Graduate School of Information Sciences, Tohoku University
Large-scale disasters sometimes destroy artificial structures. Victims are buried in rubble piles and wait for search and rescue. Robotics is expected to support humanitarian activities where risks and difficulties are beyond human capacity. RoboCup has significantly activated this research area. This keynote speech presents some efforts to create advanced robotic systems for gathering information in debris. Active Scope Camera is a serpentine robot searching in debris that crawls and levitates in few-cm gaps, with visual, auditory, and haptic senses for navigation and victim search. Cyber Rescue Canine is a digitally empowered rescue dog wearing a suit to monitor its behavior and conditions and navigate its action remotely. We will discuss how robotics can help mitigate disaster damages in the future.
Satoshi Tadokoro graduated from the University of Tokyo in 1984. He was an associate professor at Kobe University from 1993 to 2005 and has been a Professor at Tohoku University since 2005. He was a Vice/Deputy Dean of the Graduate School of Information Sciences in 2012-2014 and has been the Director of Tough Cyberphysical AI Research Center since 2019 at Tohoku University. He has been the President of the International Rescue System Institute since 2002 and was the President of IEEE Robotics and Automation Society from 2016 to 2017. He served as the Program Manager of the Ministry of Education's DDT Project on rescue robotics in 2002-2007 and was the Project Manager of Japan Cabinet Office ImPACT Tough Robotics Challenge Project on disaster robotics in 2014-19, having 62 international PIs and 300 researchers that created Cyber Rescue Canine, Dragon Firefighter, etc. His research team at Tohoku University has developed various rescue robots, two of which are called Quince and Active Scope Camera are widely recognized for their contribution to disaster response, including missions in the nuclear reactor buildings of the Fukushima-Daiichi Nuclear Power Station. IEEE Fellow, RSJ Fellow, JSME Fellow, and SICE Fellow.
Rosie Lab, School of Computing Science at Simon Fraser University
Science fiction has long promised us interfaces and robots that interact with us as smoothly as humans do - Rosie the Robot from The Jetsons, C-3PO from Star Wars, and Samantha from Her. Today, interactive robots and voice user interfaces are moving us closer to effortless, human-like interactions in the real world. In this talk, I will discuss the opportunities and challenges in creating technologies that can analyze, detect and generate non-verbal communication, including gestures, gaze, auditory signals, and facial expressions. Specifically, I will discuss how we might allow robots to understand human social signals (including emotions, mental states, and attitudes) across cultures as well as in recognize and generate expressions with diversity in mind.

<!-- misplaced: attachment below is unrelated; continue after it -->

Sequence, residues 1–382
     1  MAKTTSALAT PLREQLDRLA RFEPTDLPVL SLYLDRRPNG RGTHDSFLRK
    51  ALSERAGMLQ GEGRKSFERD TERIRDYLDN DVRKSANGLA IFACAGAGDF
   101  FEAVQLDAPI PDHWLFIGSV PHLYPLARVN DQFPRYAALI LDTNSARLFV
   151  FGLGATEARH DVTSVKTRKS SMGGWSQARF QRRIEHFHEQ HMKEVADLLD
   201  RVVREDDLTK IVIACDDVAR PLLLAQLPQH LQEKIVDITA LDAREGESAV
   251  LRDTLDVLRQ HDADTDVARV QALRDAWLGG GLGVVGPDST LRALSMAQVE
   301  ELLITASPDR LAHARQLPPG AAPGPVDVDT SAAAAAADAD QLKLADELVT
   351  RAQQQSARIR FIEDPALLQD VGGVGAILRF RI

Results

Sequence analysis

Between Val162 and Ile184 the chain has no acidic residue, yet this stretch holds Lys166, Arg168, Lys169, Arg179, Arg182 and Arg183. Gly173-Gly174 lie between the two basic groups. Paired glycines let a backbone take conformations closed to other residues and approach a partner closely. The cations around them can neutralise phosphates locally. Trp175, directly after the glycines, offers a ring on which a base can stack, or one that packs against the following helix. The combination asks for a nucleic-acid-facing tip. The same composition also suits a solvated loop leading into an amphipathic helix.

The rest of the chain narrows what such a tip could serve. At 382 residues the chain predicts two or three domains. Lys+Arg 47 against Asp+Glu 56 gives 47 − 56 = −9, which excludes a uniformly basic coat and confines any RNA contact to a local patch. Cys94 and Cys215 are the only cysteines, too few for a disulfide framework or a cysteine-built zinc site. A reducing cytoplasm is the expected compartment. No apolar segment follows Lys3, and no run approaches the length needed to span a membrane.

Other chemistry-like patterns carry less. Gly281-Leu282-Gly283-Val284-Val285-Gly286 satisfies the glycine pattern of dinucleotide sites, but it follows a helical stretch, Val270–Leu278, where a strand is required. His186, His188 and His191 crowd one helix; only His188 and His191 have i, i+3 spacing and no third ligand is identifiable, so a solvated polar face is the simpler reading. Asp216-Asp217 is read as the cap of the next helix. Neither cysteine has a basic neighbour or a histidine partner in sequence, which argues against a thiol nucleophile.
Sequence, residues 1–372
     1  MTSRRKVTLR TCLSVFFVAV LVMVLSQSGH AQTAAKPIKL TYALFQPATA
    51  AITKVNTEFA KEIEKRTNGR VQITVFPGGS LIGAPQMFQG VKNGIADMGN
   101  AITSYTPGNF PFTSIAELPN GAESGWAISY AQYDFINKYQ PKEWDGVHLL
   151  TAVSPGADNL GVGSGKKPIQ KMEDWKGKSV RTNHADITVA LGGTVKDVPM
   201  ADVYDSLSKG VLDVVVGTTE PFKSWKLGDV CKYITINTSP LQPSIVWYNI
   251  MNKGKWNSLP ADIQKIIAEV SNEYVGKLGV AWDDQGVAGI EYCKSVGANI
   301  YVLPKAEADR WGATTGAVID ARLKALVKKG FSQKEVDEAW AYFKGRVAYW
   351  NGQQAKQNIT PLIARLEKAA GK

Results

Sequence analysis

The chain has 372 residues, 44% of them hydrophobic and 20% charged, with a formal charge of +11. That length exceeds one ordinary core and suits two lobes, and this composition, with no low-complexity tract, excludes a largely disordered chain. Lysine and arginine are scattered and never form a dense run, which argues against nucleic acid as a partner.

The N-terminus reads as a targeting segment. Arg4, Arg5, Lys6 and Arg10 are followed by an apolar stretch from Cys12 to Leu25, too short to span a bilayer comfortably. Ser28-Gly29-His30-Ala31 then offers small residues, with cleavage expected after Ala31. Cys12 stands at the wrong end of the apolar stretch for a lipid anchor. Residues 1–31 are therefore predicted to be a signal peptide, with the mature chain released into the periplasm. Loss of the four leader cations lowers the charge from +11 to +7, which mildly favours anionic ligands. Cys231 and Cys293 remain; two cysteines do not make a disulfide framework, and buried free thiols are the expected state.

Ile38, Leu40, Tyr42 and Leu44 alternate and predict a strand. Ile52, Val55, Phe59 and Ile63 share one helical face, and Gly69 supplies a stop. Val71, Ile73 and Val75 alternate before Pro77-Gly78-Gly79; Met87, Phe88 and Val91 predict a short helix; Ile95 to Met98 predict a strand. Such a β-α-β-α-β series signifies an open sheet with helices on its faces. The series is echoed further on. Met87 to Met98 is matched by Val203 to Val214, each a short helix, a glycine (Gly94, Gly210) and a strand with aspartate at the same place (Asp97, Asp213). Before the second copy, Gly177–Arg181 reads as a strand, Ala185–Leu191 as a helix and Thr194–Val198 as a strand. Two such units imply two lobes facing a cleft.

Dr. Angelica Lim is the Director of the Rosie Lab (www.rosielab.ca), and an Assistant Professor of Professional Practice in the School of Computing Science at Simon Fraser University, Canada. Previously, she led the Emotion and Expressivity teams for the Pepper humanoid robot at SoftBank Robotics. She received her B.Sc. in Computing Science (Artificial Intelligence Specialization) from SFU and a Ph.D. and Masters in Computer Science (Intelligence Science) from Kyoto University, Japan. She has been featured on the BBC, TEDx, hosted a TV documentary on robotics, and was recently featured in Forbes 20 Leading Women in AI.
Driverless car was widely known for the first time from DARPA Grand Challenge in 2004 which was a competition of driverless cars in dessert area. The competition was evolved to DARPA Urban Challenge in 2007 which was a competition in urban area. Since then researches and developments of driverless cars have been conducted extensively for commercialization purposes for examples; driverless car by Google, electrical car with driver assisting functions by Tesla. Today most of car manufacturers research and develop driverless car actively. In Thailand, Thai Robotics Society started its activity on driverless car since 2005. Thailand Intelligent Vehicle Challenge was organized by the society during 2007-2009. The competition became more challenged with the platform of bicycle in BicyRobo Thailand Championship organized during 2010-2012.
This talk will present the key devices and control algorithms behind driverless car technologies. Technologies used by Google car and Tesla will be firstly presented and compared. In the latter part of the talk, the control algorithms used for speed control, heading control, waypoints tracking, and obstacles avoidance of driverless car, unmanned bicycle, and autonomous forklift developed at Asian Institute of Technology (AIT) will be presented.
Manukid Parnichkun is currently a professor at Mechatronics program, Asian Institute of Technology. He received B.Eng. from Mechanical Engineering, Chulalongkorn University in 1991, M.Eng. and Ph.D. from Precision Machinery Engineering, the University of Tokyo in 1993 and 1996 respectively. He joined Asian Institute of Technology as an assistant professor in 1996. He was promoted to Associate Professor in 2001, and professor in 2016. He supervised and graduated 23 doctoral students, and 194 master students. He was the founding committee of the Thai Robotics Society (TRS) and later became editor-in-chief of the society journal. He was elected to be the president of the Thai Robotics Society during 2003-2005. He organized and chaired several conferences and robot competitions. His research interests are Mechatronics, Robotics, Control, and Measurement.